When you first get out on your own, you likely had a job and lifestyle that involved basic expenses and simple income. Doing your annual taxes was likely a breeze, as you just spent an hour at a tax office or turned to software to click through the few things that applied to your circumstances.
However, as time passed and your life and work get more complex, you probably started realizing that the world of taxes was far more complicated than you ever realized. You’ve come to learn and accept that taxes are something you’ll pay every year the rest of your money-making life. Even if you never really ‘felt’ taxes early on because they were taken out of your check before you got the rest of the money in your hands, you now know that minimizing your IRS obligations means keeping more of your own money.
There’s no reason you can’t minimize your tax obligations thanks to online resource like this article now. You can learn what each year’s tax deductions and credits are, especially if you use the official IRS website. Use everything you learn to reduce your tax obligations a dollar at a time. It can add up fast. If you owe $3,000 in taxes one year but find a $500 credit, then your taxes owed fall to $2,500, putting an extra $500 right back in your wallet or checking account.
It only takes a few hours every year to keep up with tax laws, but it can mean saving you thousands each year, especially as the savings add up each year. These tax-reducing hours might just make you more money than the same number of hours at your job, if not a week or month! Keep reading into the paragraphs that follow so you can learn tips and tricks that can minimize your IRS tax obligations.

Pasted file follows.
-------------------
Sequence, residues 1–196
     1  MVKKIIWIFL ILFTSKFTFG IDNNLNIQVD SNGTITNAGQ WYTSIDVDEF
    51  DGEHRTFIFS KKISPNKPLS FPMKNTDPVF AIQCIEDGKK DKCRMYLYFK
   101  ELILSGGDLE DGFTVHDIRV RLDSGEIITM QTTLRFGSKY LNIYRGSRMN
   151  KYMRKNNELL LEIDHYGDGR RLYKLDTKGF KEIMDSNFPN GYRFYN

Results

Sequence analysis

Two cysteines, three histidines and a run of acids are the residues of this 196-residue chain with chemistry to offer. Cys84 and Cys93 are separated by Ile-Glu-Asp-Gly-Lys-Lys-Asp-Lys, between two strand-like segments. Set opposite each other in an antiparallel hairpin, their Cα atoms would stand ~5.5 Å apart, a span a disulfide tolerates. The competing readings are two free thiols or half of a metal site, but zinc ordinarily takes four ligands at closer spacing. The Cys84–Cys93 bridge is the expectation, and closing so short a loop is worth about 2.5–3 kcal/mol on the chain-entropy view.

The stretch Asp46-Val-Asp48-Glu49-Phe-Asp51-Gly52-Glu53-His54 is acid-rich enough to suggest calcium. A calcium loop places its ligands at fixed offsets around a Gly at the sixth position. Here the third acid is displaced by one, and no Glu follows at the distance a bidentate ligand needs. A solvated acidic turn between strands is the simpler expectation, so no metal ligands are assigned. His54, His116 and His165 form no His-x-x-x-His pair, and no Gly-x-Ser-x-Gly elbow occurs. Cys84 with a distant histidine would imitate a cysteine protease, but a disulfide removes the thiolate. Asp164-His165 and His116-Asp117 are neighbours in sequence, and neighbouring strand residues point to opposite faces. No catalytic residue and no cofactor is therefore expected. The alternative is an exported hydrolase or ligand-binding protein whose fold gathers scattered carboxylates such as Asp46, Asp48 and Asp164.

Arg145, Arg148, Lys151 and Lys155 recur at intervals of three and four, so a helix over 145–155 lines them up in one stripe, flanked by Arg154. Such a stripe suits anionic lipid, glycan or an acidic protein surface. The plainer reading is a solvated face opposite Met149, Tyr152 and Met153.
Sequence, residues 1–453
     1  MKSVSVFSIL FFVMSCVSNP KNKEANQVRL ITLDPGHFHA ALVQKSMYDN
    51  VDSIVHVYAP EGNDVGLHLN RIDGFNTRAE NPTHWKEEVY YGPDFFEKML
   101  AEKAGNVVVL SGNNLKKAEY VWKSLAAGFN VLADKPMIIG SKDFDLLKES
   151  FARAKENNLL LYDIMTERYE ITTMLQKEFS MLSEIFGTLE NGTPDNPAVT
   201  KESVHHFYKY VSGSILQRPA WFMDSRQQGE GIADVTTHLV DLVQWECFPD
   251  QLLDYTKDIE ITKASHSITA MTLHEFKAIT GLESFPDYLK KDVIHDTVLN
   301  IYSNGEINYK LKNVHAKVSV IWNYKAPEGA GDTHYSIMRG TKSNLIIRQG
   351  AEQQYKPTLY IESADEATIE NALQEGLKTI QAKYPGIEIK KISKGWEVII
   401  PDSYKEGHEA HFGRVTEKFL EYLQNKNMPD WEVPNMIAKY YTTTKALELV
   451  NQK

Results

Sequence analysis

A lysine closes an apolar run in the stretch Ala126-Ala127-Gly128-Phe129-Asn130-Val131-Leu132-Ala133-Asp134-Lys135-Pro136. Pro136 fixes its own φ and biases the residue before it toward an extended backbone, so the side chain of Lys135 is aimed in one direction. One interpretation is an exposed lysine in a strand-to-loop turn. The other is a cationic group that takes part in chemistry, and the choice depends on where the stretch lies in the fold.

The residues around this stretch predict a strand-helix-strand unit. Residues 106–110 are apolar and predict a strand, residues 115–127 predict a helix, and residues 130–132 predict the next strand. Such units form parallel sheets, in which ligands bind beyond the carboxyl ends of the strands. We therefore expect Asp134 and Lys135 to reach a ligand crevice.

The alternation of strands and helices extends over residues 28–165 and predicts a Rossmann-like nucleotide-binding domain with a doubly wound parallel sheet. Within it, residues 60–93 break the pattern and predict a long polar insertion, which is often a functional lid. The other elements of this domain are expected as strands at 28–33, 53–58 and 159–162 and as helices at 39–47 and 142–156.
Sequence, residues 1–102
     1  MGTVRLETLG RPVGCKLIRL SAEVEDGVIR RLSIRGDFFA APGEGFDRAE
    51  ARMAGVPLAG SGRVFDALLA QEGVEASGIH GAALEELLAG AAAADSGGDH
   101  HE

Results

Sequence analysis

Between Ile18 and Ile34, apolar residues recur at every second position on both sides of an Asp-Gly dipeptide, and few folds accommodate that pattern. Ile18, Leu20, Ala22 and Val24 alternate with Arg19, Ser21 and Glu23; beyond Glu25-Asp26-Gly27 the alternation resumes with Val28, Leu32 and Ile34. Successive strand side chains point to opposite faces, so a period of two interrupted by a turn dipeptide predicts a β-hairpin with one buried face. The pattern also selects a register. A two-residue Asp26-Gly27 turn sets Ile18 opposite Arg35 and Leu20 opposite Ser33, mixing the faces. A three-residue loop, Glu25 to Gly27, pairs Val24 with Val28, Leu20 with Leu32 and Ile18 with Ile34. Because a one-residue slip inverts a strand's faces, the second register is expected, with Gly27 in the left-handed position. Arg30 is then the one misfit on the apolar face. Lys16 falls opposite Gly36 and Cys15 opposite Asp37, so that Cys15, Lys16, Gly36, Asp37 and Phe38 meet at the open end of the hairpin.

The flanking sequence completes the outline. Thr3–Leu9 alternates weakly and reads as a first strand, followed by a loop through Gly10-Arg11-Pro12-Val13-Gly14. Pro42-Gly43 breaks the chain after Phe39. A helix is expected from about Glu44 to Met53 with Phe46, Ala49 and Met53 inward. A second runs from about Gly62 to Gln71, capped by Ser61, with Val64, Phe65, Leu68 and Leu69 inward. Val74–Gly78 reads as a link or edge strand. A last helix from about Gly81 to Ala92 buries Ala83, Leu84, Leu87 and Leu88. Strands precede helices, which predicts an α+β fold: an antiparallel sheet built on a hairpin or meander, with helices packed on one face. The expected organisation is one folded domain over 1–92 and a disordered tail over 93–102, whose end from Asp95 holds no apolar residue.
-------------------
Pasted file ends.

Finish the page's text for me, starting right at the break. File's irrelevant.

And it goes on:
First and foremost, according to Deanhineslawyer.com is make sure you are making any retirement account contributions that you possibly can. These make the top of most lists of saving on taxes, and there’s not one but two reasons for this. Aside from Roth individual retirement accounts, nearly all contributions you pay into a retirement account can be deducted off of your taxable income. That lowers your total taxable income, which not only results in lower taxes, but might even drop your income bracket to a lower tax rate. The second benefit here is that such funds will grow tax-free up until the time you retire. Starting this early enough can possibly secure your whole retirement for you.
The next area to look for tax savings is your medical plan. If the deductible is high, than you might be able to make contributions to your own health savings account. Such contributions can be used later on for medical expenses, and they’ll roll over indefinitely if not used yet. They’ll grow tax-free while sitting there.
Depending on your line of work or employment status, there are many possible tax breaks to enjoy. For instance, can you combine a personal vacation with a professional business trip? If so, you can reduce your vacation costs by deducting the specific percentage of your unreimbursed expenses you spend on business from the overall costs of the trip. That might include airfare and even a portion of your hotel bill, which would be proportionate to the time you spend conducting business activities.
Do you have a side business or work for yourself? Don’t fear taking what’s known as the home office deduction. Schedule C for the 1040 form lets you deduct any percentage of your home which you use for business. Is your guest bedroom used only for home office work? Does it take up 10 percent of the living space in your house? You can deduct 10 percent of your mortgage payments and various utilities, including water, power, Internet, and phone.